Despite an economy in which everything is more expensive, many businesses have been transparent about passing increasing costs to the consumer. Nestlé, PepsiCo, and Procter & Gamble have raised prices over the past year, asserting that brand loyalty could help void any customer backlash.

“We’ve been very comfortable with our ability to pass on the increases that we’ve seen at this point,” Kroger CFO Gary Millerchip stated in October.

Others aren’t so comfortable with stealth inflation.

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Bottles of Pepsi are pictured at a grocery store in Pasadena, Calif., on July 11, 2017. (Mario Anzuoni/Reuters)

Fastenal Co., a major distributor of industrial supplies, is allocating the higher costs onto its customers. However, the company warned that it might not keep up with rising inflation because client contracts limit how much it can raise prices.

“In an environment where inflation continues to rise quarter after quarter after quarter, there are certain sticking points within our ability to push it through,” said Fastenal finance chief Holden Lewis in a third-quarter earnings call. “Inflation in the marketplace can rise at a much more methodical and smooth pace than our ability to change prices can.”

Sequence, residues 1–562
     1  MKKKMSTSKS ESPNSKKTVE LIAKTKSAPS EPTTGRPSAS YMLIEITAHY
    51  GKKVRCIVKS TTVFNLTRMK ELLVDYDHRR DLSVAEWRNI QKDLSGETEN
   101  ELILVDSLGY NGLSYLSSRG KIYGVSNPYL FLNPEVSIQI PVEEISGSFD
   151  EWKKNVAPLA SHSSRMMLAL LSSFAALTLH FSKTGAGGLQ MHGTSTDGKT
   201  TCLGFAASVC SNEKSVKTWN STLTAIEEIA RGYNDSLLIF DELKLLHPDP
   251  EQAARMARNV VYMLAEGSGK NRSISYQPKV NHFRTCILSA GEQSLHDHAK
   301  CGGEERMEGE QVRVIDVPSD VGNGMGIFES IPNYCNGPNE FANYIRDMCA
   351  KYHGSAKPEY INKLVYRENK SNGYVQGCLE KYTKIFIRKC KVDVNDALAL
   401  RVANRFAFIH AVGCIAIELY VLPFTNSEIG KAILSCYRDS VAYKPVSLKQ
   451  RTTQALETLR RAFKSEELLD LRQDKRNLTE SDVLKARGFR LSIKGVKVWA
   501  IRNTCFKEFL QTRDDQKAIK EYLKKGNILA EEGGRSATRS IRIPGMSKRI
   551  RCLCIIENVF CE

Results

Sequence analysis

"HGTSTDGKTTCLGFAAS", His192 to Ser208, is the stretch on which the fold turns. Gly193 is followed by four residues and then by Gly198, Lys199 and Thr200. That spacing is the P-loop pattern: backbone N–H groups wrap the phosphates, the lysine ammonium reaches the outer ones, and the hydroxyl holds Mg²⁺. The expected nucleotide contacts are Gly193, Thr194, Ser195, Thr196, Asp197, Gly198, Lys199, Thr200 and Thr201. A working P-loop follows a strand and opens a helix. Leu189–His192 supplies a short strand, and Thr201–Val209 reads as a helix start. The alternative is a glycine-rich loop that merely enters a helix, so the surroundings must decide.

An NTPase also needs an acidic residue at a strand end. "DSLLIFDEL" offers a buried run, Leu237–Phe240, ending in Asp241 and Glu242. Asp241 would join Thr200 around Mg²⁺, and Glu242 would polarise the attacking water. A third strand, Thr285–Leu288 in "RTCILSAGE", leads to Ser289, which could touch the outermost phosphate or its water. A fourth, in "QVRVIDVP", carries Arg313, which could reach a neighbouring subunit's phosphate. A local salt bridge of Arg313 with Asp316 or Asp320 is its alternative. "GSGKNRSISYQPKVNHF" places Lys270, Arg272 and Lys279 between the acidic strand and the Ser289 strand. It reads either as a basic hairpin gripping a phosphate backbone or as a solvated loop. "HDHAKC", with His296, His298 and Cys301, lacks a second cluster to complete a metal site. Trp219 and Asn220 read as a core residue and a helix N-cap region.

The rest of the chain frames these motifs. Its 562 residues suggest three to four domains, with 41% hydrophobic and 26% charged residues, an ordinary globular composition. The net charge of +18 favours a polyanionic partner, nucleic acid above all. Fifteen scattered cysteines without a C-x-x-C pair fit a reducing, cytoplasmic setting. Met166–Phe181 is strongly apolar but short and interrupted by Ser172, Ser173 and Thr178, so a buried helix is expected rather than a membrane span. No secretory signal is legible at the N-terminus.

But can consumers continue to endure the swelling cost of living?

Inflation Erases Wage Gains

According to data from the Bureau of Labor Statistics (BLS), average hourly earnings rose 0.4 percent in October. During the same period, top-line inflation advanced 0.9 percent.

While workers have enjoyed bigger paychecks, the climbing consumer price index (CPI) and the personal consumption expenditure (PCE) price index, the Fed’s favorite inflation gauge, are eroding this year’s above-average wage gains.

“For now, inflation is going to continue to run above very solid wage growth,” Joseph LaVorgna, chief economist for the Americas at Natixis and former chief economist for the National Economic Council during the Trump administration, told CNBC. “This is why when you look at consumer confidence, it’s really taking a beating. Households do not like the inflation story, and rightly so.”

A tight labor market and enormous demand among employers have increased workers’ average hourly earnings by about 5 percent. However, once inflation is inserted into the equation, also known as real wages, workers’ hourly earnings have tumbled at an annualized rate of 1.2 percent.

Arindrajit Dube, an economist at the University of Massachusetts–Amherst, calls this trend the “Great Re-Compression.”

“The bottom 40% saw incredible growth in hourly earnings, surpassing price growth,” Dube wrote on Twitter. “At the same time, those between the 50th and 80th percentile (call it the middle class) experienced wage growth below inflation levels.”

Americans’ paychecks are ballooning in this economy, but their purchasing power hasn’t mirrored the same rate of gains. Should there be a collapse in economic and wage growth, “we could be entering a new inflation regime,” LaVorgna warned.

Andrew Moran
Andrew Moran covers business, economics, and finance. He has been a writer and reporter for more than a decade in Toronto, with bylines on Liberty Nation, Digital Journal, and Career Addict. He is also the author of "The War on Cash."